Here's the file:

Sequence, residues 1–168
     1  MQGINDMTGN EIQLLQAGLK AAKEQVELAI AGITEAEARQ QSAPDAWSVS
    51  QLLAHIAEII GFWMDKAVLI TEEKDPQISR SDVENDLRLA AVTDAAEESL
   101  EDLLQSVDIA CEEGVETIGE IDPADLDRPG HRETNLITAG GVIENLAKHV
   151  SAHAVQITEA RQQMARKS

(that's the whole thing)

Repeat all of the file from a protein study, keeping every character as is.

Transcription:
Sequence, residues 1–168
     1  MQGINDMTGN EIQLLQAGLK AAKEQVELAI AGITEAEARQ QSAPDAWSVS
    51  QLLAHIAEII GFWMDKAVLI TEEKDPQISR SDVENDLRLA AVTDAAEESL
   101  EDLLQSVDIA CEEGVETIGE IDPADLDRPG HRETNLITAG GVIENLAKHV
   151  SAHAVQITEA RQQMARKS